On Tuesday the Government published a new National Planning Policy Framework (NPPF) for England. You can see our previous commentary on the draft version here, here and here.

The NPPF sets out the Government’s planning policies for England and how these should be applied by local planning authorities in drawing up plans and making decisions on planning applications. That means the policies in the framework are important in setting the scene for future places and for protecting and enhancing the natural environment.

We are therefore pleased to note the emphasis on good design and the importance of this in creating better places and as a key aspect of sustainable development.

There are other positives – for example it’s clear that effort has gone into aligning the document with the Government’s 25 Year Environment Plan. Policy around biodiversity net gain has been improved and tightened – we need a step change in approach if we are to genuinely arrest biodiversity declines AND deliver improvements, particularly in light of the Government’s ambitious housebuilding programme. There is a risk of losses as well as gains if this policy is badly implemented. That is why we will continue to work closely with Defra to ensure the approach is carefully regulated and that it delivers for wildlife as well as the wider environment.

We are pleased that ancient and veteran trees are given the same protection as ancient woodland – an improvement since the last draft; that reference to local wildlife sites has been reinstated in the published NPPF (although protection for these does not go far as hoped); that there is more clarity around strategic and non-strategic policies and it is clear that non-strategic (or local) policies should be used to provide more detail, including on the natural environment.

We agree with the commitments to make better use of land and ensuring all areas have a plan in place. However, it must be the right plan at the right scale and we must not forget that some previously developed sites can be real havens for wildlife. Therefore, it is disappointing that the previous protections for brownfield land of high environmental value appear to have been weakened.  

Policy protecting Sites of Special Scientific Interest (SSSIs) has changed slightly since the consultation draft and is shorter than the 2012 NPPF policy – strong policy protection for SSSIs is important to us, and a key part of our armoury when fighting damaging developments such as at Lodge Hill.

A bungalow with solar panels on the roof surrounding by a thriving garden full of flowering plants and bushes, long and short sections of grass and trees at the edges of the garden

Will this policy work for wildlife? Image credit: Andy Hay (rspb-images.com).

There are other changes to the natural environment chapter, some of which seem hurried and could create confusion (perhaps no surprise in the rush to analyse over 29,000 responses and publish the final NPPF in time for the summer recess…). Further work on the accompanying Planning Practice Guidance will be needed to avoid unintended consequences.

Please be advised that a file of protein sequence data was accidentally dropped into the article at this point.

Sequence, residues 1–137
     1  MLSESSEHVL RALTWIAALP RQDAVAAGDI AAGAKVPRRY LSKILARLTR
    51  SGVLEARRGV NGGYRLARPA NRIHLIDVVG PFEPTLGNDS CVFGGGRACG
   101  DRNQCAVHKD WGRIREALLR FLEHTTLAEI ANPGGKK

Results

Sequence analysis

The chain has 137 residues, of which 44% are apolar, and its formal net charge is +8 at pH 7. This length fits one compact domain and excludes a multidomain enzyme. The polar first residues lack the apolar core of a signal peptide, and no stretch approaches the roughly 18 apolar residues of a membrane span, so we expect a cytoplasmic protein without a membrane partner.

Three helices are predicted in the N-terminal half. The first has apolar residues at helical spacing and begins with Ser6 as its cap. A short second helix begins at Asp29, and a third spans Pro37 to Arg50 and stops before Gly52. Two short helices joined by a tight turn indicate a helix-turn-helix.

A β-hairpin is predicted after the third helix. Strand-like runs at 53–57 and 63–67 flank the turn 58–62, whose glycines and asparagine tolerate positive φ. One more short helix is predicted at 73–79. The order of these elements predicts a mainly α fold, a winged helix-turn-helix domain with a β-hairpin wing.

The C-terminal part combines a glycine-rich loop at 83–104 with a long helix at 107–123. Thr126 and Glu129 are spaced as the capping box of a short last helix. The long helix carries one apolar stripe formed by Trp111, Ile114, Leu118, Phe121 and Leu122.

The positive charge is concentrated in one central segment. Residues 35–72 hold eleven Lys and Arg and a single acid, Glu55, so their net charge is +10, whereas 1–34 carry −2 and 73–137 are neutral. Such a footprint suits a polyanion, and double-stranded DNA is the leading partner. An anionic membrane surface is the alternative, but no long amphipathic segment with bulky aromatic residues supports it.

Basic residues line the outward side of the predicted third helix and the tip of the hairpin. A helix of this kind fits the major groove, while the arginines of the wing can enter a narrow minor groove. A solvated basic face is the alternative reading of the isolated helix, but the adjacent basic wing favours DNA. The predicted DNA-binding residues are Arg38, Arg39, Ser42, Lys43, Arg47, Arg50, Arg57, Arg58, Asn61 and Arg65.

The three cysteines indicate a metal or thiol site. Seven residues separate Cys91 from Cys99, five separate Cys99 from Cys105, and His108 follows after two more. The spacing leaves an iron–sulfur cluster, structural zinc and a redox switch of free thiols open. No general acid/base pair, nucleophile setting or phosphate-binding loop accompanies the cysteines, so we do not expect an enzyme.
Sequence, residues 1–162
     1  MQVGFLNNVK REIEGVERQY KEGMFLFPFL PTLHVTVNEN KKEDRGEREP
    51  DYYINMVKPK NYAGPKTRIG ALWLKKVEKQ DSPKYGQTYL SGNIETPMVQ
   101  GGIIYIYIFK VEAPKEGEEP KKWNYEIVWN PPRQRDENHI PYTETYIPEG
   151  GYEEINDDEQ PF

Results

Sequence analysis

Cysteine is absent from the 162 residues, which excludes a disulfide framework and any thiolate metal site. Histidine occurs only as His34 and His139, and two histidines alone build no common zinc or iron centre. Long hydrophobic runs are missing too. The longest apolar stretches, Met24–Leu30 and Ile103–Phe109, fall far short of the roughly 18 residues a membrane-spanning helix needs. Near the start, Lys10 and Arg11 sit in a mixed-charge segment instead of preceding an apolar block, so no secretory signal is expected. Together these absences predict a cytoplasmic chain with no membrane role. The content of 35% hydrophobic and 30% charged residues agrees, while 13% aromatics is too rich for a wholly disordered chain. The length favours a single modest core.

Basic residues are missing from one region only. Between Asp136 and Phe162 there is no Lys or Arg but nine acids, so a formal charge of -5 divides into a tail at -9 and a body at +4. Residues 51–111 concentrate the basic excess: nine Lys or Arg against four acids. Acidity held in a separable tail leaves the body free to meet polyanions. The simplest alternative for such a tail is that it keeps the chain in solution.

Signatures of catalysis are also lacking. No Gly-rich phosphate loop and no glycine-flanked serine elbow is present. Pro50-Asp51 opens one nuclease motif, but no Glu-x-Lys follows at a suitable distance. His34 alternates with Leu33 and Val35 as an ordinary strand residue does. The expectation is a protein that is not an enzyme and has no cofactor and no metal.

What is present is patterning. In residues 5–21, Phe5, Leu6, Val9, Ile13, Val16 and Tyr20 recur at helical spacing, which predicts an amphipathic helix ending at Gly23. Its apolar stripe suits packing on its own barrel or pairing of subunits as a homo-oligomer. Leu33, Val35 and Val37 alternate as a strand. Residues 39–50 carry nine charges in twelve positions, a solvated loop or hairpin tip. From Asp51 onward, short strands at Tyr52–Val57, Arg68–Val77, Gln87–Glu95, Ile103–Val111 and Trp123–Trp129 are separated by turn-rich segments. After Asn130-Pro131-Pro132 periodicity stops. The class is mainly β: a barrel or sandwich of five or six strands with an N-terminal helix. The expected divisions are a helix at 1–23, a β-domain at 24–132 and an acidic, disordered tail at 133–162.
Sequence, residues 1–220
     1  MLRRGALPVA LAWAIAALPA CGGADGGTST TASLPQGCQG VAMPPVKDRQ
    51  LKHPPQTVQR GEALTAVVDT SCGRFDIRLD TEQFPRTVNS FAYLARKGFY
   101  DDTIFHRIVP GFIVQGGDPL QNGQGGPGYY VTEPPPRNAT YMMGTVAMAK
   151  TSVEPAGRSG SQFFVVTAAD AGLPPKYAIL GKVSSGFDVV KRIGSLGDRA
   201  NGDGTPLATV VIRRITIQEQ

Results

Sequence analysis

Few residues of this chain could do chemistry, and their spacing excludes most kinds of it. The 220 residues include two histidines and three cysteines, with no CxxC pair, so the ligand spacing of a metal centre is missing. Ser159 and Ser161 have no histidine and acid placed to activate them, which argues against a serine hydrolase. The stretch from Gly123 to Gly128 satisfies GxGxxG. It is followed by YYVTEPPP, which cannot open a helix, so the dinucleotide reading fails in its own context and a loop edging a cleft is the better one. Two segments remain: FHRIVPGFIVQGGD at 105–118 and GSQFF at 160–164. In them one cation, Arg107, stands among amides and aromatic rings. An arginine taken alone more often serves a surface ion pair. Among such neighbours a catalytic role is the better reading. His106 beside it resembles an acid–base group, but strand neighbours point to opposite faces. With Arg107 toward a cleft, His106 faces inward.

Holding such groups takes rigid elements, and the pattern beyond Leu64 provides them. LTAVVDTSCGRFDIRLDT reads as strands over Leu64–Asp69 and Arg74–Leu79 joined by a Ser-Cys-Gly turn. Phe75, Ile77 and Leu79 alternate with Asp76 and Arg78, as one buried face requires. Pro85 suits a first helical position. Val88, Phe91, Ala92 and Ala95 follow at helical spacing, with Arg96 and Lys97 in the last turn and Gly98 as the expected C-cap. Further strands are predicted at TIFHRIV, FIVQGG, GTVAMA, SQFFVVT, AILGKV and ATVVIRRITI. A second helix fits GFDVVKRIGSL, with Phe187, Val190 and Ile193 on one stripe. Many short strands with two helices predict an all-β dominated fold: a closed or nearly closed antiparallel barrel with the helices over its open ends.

However, we are left wondering whether the good policies will really get a look in. Notwithstanding improvements since the first draft, the published framework is undoubtedly balanced in favour of housing. There is a significant risk that changes such as the new approach to calculating housing need and the amended presumption in favour of sustainable development will simply load ever more homes into existing high demand areas (such as the south east of England) set amongst isolated pockets of wildlife, placing pressure on important local sites such as Local Wildlife Sites and brownfield wildlife havens.

Conflicts exist elsewhere in the Framework – opportunities to develop onshore wind, a low cost and technologically proven renewable energy source (which we support in the right locations) will be limited by NPPF policies, whilst unconventional hydrocarbons are given more support. Whilst we recognise there are improvements from the draft version we do question Government commitment to meeting the challenges of climate change.

Ultimately what this country needs (and what the NPPF fails to do) is to set out a vision for the kind of country we want to see – a national spatial plan for England. This would provide an effective framework for spatial planning at the local level and at the same time help integrate and deliver other public objectives, including for the natural environment. This would support commitments in the 25 Year Environment Plan for a Nature Recovery Network providing a plan for what we would like to see nationally, giving a clear steer to planning authorities.

It will take time for the new framework to bed down and for planners and decision-makers to understand what it all means. However, we urgently need a fully resourced planning profession supported by independent technical experts such as ecologists to ensure that all aspects of the framework are fulfilled and we don’t end up with plans that deliver housing and little else.

Finally, planning as with other sectors, is intimately linked with our environmental laws (many of which come from the European Union). That’s why we also need to:

  • Set out ambitious objectives for nature’s recovery and environmental restoration in law, including ensuring there are targets, milestones and measures in place to deliver them, 
  • Take action to close the gap in environmental protection that leaving the EU will create,
  • Co-develop and co-design strong environmental watchdog functions that work across the boundaries of the UK to hold themselves and future governments to account.

The Government are consulting on future environmental protection now, so there is still time to join our call for something far stronger than their current proposals, which fall short of their own stated ambitions. Find out more and add your voice here: rspb.org.uk/environmentwatchdog.